A roadmap for the corona-app

Next steps for this research project entail a more detailed justification analysis of the Dutch public debate on the use of contact-tracing apps, which may reveal more conceptions of the common good, and which will clarify which orders of worth are mobilized. The analysis will mainly focus on how government officials argue for the importance of a corona-app in press-briefings for the public, debates in parliament and in the broader public discussion, gleaned from popular media, as well as on the responses by scholars, NGOs and others in the same public debate. This will include opinion pieces published in established newspapers or online, public statements and urgent appeals made to the government. The identification of which common goods are at stake will contribute to discussions about the use of this technology from a standpoint with a richer ethical perspective. Such a perspective is needed for two reasons. First, because it is inclusive to a plurality of ethical concerns. Second, because by offering a map of the common goods at stake, it allows for a more practical starting point from where to think about implementation and design of such an app, where we can consider whether and how to integrate these values. By the same token, this analysis can inform policy on the application of this technology.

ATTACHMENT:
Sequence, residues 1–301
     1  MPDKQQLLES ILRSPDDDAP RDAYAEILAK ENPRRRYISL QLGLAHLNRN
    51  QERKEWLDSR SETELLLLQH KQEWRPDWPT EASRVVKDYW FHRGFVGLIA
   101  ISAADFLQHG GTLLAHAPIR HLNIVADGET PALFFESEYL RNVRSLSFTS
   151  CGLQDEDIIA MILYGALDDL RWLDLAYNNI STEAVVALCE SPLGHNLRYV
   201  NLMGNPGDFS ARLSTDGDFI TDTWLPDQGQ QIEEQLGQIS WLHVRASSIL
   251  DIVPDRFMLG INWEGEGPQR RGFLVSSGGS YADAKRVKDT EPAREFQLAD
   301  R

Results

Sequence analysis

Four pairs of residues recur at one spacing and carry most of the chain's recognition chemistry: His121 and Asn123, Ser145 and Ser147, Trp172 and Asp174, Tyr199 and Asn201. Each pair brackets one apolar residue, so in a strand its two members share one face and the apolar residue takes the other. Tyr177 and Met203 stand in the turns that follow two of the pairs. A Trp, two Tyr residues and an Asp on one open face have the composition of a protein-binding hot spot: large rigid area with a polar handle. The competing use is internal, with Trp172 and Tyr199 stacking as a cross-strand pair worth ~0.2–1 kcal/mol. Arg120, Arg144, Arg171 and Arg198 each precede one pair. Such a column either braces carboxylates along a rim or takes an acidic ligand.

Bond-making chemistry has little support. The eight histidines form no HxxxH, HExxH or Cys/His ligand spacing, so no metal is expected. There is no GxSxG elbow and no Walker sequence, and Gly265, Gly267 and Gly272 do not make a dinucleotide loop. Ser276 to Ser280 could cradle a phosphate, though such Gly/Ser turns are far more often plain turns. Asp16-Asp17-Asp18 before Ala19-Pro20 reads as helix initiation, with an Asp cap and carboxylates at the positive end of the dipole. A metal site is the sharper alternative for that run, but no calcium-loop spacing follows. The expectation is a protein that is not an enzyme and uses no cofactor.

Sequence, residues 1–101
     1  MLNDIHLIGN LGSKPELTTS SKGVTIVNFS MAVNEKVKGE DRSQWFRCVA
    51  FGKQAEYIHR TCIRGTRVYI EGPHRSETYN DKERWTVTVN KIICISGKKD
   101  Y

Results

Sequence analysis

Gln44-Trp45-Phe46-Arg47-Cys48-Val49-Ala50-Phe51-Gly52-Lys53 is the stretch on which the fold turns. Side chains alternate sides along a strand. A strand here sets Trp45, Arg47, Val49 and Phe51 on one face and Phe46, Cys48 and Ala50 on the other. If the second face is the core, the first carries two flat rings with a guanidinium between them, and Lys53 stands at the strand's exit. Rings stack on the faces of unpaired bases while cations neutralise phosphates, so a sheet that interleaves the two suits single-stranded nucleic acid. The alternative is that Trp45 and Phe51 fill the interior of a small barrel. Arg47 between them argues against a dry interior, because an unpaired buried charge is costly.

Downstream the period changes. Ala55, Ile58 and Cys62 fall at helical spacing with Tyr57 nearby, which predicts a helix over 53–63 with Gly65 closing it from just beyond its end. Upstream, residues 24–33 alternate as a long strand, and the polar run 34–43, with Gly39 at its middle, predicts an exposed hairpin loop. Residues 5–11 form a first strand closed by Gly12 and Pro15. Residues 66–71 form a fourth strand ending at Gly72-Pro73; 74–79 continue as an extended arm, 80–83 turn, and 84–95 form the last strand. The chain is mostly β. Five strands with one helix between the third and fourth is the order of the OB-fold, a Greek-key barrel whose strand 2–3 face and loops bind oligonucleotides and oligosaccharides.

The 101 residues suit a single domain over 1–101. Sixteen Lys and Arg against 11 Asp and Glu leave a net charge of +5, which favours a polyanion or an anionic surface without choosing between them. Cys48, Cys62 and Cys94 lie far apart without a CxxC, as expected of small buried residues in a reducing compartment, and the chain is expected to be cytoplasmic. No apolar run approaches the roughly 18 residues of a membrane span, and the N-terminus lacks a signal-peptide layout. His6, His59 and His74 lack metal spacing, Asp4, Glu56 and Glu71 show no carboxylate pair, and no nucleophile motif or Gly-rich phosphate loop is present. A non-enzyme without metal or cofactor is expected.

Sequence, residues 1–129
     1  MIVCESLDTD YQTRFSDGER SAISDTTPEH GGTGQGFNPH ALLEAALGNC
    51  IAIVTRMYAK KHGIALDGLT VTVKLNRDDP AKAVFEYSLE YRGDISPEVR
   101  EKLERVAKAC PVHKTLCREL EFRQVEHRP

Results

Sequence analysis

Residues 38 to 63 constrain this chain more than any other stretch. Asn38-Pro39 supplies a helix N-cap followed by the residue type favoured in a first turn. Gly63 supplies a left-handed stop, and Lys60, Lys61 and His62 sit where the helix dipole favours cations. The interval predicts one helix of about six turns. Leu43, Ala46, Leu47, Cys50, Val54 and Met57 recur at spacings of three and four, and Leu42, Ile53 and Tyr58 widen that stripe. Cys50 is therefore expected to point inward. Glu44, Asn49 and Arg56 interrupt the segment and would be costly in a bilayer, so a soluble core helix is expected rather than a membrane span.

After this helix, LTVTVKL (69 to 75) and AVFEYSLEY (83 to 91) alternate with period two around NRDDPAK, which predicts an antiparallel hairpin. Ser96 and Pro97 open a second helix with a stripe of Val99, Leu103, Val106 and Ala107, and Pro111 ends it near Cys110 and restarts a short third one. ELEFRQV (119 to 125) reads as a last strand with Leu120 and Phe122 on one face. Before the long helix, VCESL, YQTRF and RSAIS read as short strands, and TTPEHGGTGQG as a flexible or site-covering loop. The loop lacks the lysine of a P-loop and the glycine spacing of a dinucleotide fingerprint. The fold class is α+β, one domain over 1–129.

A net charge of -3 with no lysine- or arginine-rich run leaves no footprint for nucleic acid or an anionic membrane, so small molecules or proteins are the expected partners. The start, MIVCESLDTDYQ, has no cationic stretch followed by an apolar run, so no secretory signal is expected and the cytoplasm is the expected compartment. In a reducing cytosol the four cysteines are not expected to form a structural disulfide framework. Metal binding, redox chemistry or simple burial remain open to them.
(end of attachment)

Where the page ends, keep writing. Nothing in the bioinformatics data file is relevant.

1. 1.

    Davidson 2020; Hao 2020; Timberg and Harwell 2020; Wetsman 2020).

  2. 2.

    For a nice overview of this and other aspects of the different approaches governments take on this pandemic, see:

  3. 3.

    Just a few examples from the dutch debate: NRC, ‘Dit zijn de smaken van ‘epidemiologische surveillance’ waar Nederland uit kan kiezen’ 10–04-2020; BNR, ‘Corona-Data: Gezondheid versus Privacy’ 07–04-2020; Parool, ' In de strijd tegen corona staat privacy op een zijspoor’ 26–03-2020.

  4. 4.

    Trouw, ‘corona vergt tijdelijk een privacy-offer’ 10–04-2020.

  5. 5.

    The dutch phrase usually used is ‘ten koste gaan van’, implying we pay for our health with privacy, or the other way around.

  6. 6.